Where would any compilation of this kind be without Tavener’s Song for Athene? Of course it’s given as heartfelt a performance as one would wish for while forming a meditative prelude to Bruckner’s richly conceived motet Ave Maria, in which Monks steers the Consort through the vast caverns of the composer’s sound-world with consummate skill and unerring taste. The result is a rendering both transparent and monumental. Young composer Jonathan Roberts’s beautiful Hope finds a way for harp and upper voices brings us back to earth – but an earth resembling heaven. The sound recording, made at the Saxon Sanctuary, Wootton Wawen, is excellent. Adam Binks’s booklet notes are brief but informative (though it’s a pity there are no song texts or translations); the cover boasts Vermeer’s Girl with a Pearl Earring. All in all, this is a very attractive package indeed.Â

Robert Levett

Fanfare, September 2011

The first disc has been available for a while and now is sent for review with the second (a third has not come yet). The rationale for the miscellaneous collections is Christopher Monks’s perception that all these composers “wear their hearts on their sleeves,” hence naked sentiments in response to religious themes, practices, or ideals. For the first disc, Monks has chosen the most familiar work of most of these composers; only the last, Hope Finds a Way, written by Jonathan Roberts, an associate of the ensemble, is unfamiliar. Allegri’s Miserere is one of the fastest performances on records, but similar in tonal quality to most of the competition. Morten Lauridsen’s piece stands up well alongside the creator’s version under Paul Salamunovich, and the rest of the program is similarly effective.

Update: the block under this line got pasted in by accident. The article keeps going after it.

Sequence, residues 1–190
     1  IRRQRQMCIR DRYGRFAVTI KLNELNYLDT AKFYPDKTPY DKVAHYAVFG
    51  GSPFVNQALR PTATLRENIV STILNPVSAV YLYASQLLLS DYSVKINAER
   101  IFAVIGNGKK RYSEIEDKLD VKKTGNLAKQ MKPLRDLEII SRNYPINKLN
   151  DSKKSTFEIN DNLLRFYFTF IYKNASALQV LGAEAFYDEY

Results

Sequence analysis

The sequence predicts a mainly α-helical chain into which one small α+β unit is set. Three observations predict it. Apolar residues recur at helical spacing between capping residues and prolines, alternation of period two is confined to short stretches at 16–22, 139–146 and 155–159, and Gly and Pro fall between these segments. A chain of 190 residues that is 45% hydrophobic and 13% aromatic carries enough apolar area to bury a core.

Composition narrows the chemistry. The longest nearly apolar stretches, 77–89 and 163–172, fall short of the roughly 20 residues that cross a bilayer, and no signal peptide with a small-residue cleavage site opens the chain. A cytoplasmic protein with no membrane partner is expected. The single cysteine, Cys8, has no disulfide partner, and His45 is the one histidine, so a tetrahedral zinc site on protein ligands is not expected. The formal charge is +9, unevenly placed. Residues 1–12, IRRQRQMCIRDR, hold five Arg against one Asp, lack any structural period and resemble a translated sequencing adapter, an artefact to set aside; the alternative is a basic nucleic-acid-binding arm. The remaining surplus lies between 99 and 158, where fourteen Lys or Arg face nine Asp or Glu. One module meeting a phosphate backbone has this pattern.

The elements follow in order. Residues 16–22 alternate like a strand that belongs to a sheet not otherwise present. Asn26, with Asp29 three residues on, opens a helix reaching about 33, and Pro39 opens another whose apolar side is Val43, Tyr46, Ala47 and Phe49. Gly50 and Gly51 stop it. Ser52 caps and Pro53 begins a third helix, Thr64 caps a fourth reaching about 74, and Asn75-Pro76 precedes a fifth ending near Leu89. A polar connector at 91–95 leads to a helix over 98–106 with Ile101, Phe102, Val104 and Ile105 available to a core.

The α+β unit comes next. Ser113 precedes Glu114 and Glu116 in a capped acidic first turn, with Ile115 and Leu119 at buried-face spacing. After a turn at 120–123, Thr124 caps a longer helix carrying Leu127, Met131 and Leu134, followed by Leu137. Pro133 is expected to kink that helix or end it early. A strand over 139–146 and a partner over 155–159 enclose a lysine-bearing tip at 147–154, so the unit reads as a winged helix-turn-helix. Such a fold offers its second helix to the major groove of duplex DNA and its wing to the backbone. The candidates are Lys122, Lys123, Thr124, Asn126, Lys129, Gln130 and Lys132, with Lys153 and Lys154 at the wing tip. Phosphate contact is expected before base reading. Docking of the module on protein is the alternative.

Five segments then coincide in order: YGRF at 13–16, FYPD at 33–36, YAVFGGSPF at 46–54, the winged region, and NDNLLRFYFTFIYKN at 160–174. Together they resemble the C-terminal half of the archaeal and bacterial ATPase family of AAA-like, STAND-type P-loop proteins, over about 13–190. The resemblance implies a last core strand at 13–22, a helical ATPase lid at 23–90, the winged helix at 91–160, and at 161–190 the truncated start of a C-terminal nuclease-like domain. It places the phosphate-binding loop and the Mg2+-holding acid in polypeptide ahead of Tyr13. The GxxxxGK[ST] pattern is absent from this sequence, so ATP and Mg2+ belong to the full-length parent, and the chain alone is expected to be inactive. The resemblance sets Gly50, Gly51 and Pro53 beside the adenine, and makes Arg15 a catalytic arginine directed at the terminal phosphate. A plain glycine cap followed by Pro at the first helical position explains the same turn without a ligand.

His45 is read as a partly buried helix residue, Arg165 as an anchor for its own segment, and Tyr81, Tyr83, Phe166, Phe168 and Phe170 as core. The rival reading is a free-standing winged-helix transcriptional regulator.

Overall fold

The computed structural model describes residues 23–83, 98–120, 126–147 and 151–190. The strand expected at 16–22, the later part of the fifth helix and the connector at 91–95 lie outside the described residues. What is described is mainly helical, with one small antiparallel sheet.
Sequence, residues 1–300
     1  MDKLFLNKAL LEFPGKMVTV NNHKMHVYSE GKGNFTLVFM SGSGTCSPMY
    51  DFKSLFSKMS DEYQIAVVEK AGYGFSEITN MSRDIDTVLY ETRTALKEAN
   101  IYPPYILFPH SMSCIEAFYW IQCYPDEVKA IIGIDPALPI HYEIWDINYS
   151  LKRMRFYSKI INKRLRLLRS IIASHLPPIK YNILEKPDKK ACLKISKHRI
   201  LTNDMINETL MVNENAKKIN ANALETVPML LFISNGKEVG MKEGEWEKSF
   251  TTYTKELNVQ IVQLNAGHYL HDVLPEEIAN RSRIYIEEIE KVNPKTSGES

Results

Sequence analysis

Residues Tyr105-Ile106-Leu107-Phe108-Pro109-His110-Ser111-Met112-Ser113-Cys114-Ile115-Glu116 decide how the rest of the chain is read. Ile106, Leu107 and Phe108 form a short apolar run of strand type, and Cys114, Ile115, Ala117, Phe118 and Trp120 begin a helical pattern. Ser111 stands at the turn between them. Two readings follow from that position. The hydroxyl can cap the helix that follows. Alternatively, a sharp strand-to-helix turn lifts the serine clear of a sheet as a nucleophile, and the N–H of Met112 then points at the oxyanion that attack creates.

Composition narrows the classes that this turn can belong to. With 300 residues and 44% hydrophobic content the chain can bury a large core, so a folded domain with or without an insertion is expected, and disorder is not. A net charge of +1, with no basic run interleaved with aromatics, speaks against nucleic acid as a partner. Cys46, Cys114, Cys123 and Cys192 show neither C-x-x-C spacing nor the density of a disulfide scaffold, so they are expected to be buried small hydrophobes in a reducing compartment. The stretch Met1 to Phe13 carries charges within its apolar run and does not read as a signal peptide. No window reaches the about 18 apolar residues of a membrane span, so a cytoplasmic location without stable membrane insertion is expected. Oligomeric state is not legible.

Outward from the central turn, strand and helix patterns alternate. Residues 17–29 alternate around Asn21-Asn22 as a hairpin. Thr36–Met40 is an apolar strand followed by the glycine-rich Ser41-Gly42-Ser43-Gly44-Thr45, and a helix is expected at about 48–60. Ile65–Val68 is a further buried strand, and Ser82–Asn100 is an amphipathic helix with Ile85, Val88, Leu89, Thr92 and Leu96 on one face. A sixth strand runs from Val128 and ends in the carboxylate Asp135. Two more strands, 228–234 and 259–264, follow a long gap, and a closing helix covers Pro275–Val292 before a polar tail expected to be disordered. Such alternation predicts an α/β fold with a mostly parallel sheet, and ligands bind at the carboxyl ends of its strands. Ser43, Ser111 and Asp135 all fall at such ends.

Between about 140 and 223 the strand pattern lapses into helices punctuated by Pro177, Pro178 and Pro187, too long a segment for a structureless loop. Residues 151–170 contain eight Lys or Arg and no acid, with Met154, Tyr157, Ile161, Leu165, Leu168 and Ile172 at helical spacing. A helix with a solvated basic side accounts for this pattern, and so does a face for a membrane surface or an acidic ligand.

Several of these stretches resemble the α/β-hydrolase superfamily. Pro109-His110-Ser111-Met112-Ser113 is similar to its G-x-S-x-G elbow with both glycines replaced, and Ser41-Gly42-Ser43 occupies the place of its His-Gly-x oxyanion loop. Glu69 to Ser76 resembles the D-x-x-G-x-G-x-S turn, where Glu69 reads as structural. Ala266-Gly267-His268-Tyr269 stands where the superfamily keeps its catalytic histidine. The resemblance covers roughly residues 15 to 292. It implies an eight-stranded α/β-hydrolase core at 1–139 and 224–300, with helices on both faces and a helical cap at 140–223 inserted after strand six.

… Both programs (see SIGCD235) are highly satisfying presentations. Only one of the earlier recordings of this group on another label has come this way. More than a vocal ensemble, the organization has engaged a much wider repertoire and pursues educational and charitable endeavors as part of its musical activity. This is superb choral work.

J. F. Weber

  1. Ave Verum – William Byrd –
  2. O Magnum Mysterium – Morten Lauridsen –
  3. Loqubantur variis linguis – Thomas Tallis –
  4. Miserere Mei – Gregorio Allegri –
  5. Libera nos, Salva nos – John Sheppard –
  6. Totus Tuus – Henryck G?recki –
  7. Lay a Garland – Robert Pearsall –
  8. Song For Athene – John Tavener –
  9. Ave Maria – Anton Bruckner –
  10. Hope Finds A Way – Jonathan Roberts (Words – Vaughan Roberts) –

You may also like…